SLRG’s Jon Last contemplates in his June 2016 column, how recent customer service lapses have prompted a re-consideration of best practices in loyalty marketing.
At the risk of being self aggrandizing, I’ll submit that as a consultative marketing researcher, I’ve gotten pretty good at asking probing questions. I’ve also become a big proponent of loyalty marketing best practices and rewarding best customers. And while I’ve often espoused that sports marketers shouldn’t make the mistake of ascribing their own behaviors, beliefs or experiences to that of their targets, two recent incidents have me questioning one of my fundamental beliefs about loyalty marketing.
Both personally and professionally, I spend a lot of time around the sport of baseball. I’ve been a loyal longterm season ticket holder for a local professional team and often incorporate out of market games into my travel schedule, making a point of buying the best seats available. Yet, within the span of a week, I was flabbergasted by two horrible examples of poor customer service.
Case 1: Punishing The Customer For a Technology Glitch?
Out of town on business a couple of weeks ago, I jumped on my mobile phone to attempt to secure front row seats for that evening’s game. The technology did not work properly and I was thrown out of the ticket queue. I rectified the situation on my laptop a few minutes later. Moments after that, while en route to the game, I noticed that I had received confirmation for two orders — six premium-priced tickets rather than three.
I proceeded to call customer service, and much to my surprise, was told by both a frontline representative, and that individual’s supervisor that all purchases were final and nothing could be done, and I would be stuck with both orders. My attempts to humor, cajole, and relate my experience in the sports business failed to get either person I spoke with to deviate from the script that they were reading. I flat out lost it.
And after what literally had to be the supervisor’s 10th recitation of the “I certainly hear what you are saying” line, I realized that she wasn’t hearing what I was saying or she would have transferred me to someone empowered to actually do something for a customer that was still prepared to spend north of $400 on tickets to a mid-week ball game. Shamefully, the typical fan would have hit a dead end at this point. Luckily for me, I regained my composure, called an industry friend, who within minutes was able to make the situation right.
Case 2: Not preferred Access for Premium Season Ticket Holders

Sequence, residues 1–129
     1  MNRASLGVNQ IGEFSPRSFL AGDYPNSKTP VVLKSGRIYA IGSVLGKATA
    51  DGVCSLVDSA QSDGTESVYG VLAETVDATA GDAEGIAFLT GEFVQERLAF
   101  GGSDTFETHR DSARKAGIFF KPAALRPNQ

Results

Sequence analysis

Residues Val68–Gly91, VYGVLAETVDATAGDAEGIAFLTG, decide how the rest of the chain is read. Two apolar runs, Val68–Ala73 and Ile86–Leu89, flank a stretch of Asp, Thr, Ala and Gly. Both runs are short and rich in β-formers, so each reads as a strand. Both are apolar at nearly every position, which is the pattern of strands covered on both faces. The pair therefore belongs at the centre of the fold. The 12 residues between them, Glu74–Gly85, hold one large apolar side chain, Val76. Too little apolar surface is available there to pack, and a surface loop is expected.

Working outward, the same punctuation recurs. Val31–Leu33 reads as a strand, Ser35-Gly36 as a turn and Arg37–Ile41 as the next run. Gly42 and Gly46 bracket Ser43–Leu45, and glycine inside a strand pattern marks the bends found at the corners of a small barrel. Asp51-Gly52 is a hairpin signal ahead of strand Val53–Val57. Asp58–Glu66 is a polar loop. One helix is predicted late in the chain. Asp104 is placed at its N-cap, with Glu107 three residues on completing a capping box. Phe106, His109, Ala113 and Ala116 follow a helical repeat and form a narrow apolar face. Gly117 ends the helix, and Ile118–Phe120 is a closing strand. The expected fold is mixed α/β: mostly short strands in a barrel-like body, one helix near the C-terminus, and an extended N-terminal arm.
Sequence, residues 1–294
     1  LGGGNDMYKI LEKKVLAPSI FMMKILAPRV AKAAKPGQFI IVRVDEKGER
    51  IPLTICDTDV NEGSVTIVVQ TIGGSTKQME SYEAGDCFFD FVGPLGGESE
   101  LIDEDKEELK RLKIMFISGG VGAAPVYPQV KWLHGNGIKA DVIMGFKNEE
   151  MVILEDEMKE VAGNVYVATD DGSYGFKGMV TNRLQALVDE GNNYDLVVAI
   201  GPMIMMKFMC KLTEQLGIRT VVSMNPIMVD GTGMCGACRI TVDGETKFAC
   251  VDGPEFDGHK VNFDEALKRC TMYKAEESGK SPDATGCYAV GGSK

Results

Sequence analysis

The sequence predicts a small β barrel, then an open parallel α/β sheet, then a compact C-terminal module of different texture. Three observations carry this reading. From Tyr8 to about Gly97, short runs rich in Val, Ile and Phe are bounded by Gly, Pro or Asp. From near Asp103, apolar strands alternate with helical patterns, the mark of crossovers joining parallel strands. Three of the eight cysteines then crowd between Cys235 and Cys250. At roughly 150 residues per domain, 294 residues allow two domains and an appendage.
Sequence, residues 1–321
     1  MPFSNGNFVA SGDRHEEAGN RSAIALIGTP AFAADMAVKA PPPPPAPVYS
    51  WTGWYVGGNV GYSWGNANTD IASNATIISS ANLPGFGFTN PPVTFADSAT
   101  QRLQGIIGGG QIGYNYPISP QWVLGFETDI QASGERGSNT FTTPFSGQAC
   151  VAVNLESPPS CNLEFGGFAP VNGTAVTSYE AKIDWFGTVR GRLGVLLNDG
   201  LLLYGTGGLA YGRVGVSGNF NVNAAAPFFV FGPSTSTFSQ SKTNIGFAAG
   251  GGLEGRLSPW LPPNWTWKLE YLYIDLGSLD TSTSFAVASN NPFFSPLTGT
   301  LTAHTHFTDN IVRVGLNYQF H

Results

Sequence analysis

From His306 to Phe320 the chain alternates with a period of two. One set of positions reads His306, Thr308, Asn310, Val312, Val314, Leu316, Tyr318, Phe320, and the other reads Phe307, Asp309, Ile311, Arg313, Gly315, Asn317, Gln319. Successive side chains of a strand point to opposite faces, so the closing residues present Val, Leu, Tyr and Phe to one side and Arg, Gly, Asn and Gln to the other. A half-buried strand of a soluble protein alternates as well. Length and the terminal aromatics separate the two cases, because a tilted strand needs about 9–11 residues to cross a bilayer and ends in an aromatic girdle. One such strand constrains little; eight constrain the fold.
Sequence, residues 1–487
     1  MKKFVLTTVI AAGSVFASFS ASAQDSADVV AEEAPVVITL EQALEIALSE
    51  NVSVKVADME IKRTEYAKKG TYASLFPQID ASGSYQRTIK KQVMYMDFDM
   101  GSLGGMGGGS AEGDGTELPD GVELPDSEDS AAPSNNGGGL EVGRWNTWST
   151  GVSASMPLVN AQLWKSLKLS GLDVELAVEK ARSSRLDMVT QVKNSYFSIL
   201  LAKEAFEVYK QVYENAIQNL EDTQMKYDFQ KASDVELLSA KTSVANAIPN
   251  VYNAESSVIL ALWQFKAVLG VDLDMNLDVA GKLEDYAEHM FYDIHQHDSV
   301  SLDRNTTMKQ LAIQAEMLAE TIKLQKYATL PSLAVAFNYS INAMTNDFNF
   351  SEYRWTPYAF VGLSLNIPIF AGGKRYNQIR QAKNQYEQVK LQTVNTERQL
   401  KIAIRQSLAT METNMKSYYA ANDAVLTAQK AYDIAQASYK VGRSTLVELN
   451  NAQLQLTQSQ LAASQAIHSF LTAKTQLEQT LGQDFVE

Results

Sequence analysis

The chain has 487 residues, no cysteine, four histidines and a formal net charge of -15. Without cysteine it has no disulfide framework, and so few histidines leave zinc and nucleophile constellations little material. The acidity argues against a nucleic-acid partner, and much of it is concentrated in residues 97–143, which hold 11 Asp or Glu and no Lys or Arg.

Literally four days later, I took my son to see a local team, where the first 15,000 in the gates would receive a coveted promotional item. As premium seat season ticket holders, we had access to a VIP entrance and made a point of arriving at the ball park two hours early, only to find lengthy queues at the general admission gates and to subsequently learn that the VIP entrance was not opening until 30 minutes after the other gates. You know the rest. By the time we got in, there were no premiums left. My son was very disappointed.
So What’s the Contradiction?
I said earlier that these two incidents had me questioning one of the tenets of loyalty marketing; specifically, the mantra that best customers should get best treatment. The reason is that, as a loyal and unwavering baseball fan, I know that I am not going to voice my dissatisfaction with my feet. I am still going to go back to see both of these teams play when the opportunity arises, despite the horrible treatment. And thinking back to some research that we did with season ticket holders of another team, I remember coming to the same conclusion. Those respondents, despite expressing their exasperation with perceptions of neglect and lack of adequate recognition and reward for best customers, also acknowledged that they weren’t going anywhere.
So therein lies the conundrum. Where is the breaking point and how does it vary across different segments of customers? As sports marketers, do we put our faith in the premise that some customers are too addicted to what we’re offering, thus negating a need to shower them with the perks of loyalty programs? Or do we hold true to the principles that I’ve embraced, recognizing that these can provide aspirational motivation for those a tier or two below preferred status? As a sports researcher, these are some new questions that I’m burning to ask.